The impact of the Coronavirus and resultant decision by the Macau SAR Government to shutter Macau’s casino industry for the next 15 days will likely see the city’s gross gaming revenue plunge by around 75% year-on-year in February and shave 6% off full 2020 GGR.
While the full impact of the unprecedented closures is still difficult to predict, according to JP Morgan’s DS Kim, Derek Choi and Jeremy An, early estimates paint an unsurprisingly bleak picture with the analysts noting that casinos are a “revenue business” and there “isn’t much that operators can do to mitigate such extreme declines in revenue.
“February GGR is expected to drop roughly 75% to US$700 million (vs US$2.8 billion originally), which in turn would reduce our annual GGR by ~6%,” they said in a Tuesday note.
“Our analysis suggests a 75% cut in February GGR would reduce our annual EBITDA by ~10% given negative operating leverage.”
JP Morgan added the local industry is set to incur a US$300 million EBITDA loss in February, around US$1 billion less than pre-virus estimates of a US$700 million gain.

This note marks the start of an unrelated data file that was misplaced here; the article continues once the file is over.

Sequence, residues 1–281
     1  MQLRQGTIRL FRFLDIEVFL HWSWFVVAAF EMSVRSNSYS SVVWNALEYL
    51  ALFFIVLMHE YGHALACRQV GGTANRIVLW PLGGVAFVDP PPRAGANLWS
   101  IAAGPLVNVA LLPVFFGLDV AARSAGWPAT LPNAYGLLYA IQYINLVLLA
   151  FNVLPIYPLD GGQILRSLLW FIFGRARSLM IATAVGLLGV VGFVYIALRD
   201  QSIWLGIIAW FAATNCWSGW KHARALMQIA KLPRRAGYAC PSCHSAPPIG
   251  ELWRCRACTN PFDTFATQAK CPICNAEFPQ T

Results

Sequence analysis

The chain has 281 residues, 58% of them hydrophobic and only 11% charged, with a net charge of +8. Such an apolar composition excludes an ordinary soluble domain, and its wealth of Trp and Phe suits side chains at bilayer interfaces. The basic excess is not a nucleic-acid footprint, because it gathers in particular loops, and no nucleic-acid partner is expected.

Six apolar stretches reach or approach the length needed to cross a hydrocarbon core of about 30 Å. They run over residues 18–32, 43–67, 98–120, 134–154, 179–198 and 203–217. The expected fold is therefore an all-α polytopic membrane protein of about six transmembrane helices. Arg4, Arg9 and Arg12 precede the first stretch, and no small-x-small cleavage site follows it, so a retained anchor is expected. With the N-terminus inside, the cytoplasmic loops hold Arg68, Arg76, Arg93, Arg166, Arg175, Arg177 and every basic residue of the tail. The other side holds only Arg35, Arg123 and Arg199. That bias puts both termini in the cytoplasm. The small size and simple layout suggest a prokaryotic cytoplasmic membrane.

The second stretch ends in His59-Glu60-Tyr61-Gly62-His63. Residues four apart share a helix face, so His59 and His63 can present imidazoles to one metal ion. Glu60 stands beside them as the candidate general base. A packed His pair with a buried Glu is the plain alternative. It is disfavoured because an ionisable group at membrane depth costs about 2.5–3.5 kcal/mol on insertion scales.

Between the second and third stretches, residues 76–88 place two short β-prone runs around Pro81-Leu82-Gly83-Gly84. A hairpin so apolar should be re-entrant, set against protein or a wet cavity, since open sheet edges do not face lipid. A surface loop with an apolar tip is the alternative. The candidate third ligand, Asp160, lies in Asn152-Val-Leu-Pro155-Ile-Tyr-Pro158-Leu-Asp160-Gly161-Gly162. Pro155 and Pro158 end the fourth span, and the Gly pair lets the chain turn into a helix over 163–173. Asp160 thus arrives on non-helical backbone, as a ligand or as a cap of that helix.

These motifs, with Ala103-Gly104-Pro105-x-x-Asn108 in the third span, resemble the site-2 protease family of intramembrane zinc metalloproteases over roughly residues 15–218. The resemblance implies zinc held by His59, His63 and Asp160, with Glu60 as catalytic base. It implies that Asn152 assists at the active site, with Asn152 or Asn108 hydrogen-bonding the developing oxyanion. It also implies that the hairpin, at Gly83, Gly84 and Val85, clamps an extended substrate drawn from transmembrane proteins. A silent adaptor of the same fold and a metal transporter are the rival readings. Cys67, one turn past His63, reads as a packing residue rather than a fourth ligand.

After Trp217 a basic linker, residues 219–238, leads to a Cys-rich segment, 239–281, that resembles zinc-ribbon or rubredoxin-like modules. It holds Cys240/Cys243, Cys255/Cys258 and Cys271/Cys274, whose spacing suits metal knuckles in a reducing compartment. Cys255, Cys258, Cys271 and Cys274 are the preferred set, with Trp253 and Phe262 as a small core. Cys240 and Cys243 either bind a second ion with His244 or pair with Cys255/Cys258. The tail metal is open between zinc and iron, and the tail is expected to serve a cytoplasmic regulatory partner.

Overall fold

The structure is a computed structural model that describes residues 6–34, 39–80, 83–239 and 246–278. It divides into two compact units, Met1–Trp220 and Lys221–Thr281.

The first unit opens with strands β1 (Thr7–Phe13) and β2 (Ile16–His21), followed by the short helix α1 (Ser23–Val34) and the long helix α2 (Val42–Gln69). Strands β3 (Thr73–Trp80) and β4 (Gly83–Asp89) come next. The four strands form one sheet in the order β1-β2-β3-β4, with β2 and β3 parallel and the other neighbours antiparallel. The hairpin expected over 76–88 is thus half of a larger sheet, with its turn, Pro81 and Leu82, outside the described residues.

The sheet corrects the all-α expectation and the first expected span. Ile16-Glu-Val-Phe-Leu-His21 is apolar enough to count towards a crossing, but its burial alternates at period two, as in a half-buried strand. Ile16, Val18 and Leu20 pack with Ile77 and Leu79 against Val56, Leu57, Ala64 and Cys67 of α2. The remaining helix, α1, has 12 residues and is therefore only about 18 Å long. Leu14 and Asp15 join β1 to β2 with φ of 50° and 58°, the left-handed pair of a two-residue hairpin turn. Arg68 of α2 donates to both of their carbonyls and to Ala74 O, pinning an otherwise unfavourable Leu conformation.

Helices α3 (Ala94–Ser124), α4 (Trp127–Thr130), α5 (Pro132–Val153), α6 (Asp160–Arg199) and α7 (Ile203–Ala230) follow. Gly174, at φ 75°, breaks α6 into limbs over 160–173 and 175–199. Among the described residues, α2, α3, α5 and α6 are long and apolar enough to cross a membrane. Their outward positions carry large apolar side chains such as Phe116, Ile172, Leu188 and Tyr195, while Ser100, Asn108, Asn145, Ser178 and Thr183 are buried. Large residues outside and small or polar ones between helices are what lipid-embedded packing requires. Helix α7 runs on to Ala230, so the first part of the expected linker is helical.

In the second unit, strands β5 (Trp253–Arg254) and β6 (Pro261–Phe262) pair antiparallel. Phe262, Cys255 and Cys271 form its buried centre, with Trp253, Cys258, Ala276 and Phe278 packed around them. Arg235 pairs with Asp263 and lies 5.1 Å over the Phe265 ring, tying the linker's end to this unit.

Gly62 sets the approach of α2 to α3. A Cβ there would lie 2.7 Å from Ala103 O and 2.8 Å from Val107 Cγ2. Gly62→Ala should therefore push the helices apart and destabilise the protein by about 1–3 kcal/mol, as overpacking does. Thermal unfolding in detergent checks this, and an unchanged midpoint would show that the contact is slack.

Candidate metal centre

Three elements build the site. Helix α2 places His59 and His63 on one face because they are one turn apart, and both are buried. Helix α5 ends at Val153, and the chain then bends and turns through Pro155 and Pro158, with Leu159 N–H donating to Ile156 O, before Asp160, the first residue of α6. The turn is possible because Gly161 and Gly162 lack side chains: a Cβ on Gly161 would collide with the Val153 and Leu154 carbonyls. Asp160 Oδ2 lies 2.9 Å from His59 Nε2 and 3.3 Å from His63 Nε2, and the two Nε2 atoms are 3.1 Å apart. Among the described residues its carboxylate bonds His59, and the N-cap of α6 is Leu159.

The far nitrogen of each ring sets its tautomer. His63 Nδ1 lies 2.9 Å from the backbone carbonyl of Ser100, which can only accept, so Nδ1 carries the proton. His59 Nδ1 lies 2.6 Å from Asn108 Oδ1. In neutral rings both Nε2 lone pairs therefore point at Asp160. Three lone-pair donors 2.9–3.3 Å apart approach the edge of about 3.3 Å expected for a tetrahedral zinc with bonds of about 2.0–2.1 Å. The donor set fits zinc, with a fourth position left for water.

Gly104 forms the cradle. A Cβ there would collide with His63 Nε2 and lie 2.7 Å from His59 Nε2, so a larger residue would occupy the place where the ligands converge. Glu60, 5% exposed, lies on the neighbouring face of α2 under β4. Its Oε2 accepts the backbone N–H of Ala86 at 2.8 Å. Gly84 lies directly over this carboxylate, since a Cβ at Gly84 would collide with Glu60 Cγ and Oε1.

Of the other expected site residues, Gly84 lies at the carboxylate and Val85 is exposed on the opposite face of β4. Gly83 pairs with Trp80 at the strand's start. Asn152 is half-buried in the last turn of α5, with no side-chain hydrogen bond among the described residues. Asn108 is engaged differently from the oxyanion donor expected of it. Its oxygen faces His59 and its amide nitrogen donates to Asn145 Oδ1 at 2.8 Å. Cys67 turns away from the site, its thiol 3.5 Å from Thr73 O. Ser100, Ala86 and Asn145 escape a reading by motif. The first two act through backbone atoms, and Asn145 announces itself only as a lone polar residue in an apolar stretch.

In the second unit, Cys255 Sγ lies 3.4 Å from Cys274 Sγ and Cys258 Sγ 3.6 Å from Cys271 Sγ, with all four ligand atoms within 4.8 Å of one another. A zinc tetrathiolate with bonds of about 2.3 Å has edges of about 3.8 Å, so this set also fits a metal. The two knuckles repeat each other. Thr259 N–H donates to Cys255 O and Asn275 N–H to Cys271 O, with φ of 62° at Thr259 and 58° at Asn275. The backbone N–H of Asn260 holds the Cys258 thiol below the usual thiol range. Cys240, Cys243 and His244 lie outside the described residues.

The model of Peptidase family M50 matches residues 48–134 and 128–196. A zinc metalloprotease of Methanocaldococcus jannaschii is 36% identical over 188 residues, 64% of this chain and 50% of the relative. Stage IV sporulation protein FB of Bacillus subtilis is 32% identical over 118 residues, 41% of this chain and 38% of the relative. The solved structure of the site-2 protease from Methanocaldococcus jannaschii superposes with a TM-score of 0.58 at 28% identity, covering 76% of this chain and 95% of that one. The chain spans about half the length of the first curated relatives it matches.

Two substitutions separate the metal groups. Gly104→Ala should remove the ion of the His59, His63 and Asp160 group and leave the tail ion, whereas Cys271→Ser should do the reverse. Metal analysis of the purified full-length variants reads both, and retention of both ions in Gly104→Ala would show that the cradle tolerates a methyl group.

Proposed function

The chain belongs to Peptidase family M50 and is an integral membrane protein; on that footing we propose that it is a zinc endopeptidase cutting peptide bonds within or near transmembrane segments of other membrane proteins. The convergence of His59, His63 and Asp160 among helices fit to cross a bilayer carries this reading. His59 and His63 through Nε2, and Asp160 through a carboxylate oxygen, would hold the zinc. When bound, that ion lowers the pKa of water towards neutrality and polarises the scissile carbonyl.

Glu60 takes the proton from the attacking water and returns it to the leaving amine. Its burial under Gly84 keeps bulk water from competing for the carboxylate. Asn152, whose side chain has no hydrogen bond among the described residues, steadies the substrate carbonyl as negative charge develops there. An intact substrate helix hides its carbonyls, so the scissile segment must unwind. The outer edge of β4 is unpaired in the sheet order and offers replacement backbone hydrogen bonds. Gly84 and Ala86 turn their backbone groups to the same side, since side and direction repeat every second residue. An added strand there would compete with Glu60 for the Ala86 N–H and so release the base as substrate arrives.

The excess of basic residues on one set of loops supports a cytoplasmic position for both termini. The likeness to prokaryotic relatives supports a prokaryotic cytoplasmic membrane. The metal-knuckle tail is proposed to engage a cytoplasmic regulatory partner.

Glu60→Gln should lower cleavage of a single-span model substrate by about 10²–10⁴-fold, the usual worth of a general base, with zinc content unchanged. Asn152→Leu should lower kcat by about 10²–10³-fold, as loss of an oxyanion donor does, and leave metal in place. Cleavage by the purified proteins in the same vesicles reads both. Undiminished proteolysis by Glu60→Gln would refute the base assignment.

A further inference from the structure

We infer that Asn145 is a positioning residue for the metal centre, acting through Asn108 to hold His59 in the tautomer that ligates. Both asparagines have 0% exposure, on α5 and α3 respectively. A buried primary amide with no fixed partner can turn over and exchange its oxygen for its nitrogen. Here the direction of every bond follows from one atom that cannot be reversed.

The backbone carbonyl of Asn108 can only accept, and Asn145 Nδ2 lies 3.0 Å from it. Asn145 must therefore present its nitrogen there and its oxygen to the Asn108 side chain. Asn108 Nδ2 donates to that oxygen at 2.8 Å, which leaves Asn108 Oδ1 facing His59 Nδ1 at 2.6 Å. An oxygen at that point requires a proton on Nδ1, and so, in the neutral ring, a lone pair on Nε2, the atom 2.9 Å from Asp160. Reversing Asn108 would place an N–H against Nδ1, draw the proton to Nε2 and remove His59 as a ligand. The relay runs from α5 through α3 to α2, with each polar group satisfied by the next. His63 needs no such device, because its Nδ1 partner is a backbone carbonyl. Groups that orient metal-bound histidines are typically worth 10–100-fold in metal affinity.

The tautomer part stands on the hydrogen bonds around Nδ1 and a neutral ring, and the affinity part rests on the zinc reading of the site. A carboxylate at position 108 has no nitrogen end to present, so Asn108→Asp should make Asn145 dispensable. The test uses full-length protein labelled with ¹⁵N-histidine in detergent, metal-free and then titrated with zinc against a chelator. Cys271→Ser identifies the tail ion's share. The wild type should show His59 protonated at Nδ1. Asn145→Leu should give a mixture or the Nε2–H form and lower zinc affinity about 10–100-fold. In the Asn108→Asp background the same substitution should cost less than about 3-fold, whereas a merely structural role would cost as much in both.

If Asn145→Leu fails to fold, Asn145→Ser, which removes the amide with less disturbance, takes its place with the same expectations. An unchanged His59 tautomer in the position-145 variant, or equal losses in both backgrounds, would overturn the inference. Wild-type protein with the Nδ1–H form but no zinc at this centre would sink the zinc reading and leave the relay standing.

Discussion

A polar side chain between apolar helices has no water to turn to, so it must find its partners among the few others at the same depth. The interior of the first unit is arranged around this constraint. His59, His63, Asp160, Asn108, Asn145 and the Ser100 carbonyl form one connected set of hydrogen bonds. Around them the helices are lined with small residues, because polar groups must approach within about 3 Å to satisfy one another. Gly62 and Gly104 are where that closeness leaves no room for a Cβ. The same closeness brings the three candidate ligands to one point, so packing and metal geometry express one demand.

Brokerage Bernstein issued a note earlier on Tuesday, before the government confirmed full details of the casino closures, in which it painted a similarly grim picture.
“Whatever the details of the temporary shutdown are, Q1 is obviously going to show awful results,” said analysts Vitaly Umansky, Eunice Lee and Kelsey Zhu.
“Assuming only a two-week shutdown followed by some soft business resuming in late February and March, Q1 could show GGR year-on-year decline of 50%. If casinos were to remain closed for the rest of Q1, GGR would show a year-on-year decline of over 70%.”
Bernstein did, however, suggest a rapid recovery for Macau casino’s casino operators upon resumption of full trade.
“There are mixed views on how virulent and lethal this outbreak may be (so far, contagion is much worse than SARS, but mortality is materially lower),” they said.
“At this stage we see Macau having a solid recovery in 2H, with recovery contingent on 1) the contagion being brought under control and travel into Macau resuming, and 2) China’s economy not faltering materially and reducing customer confidence.
“The latter would likely be abated by strong government stimulus if the economy were to falter.”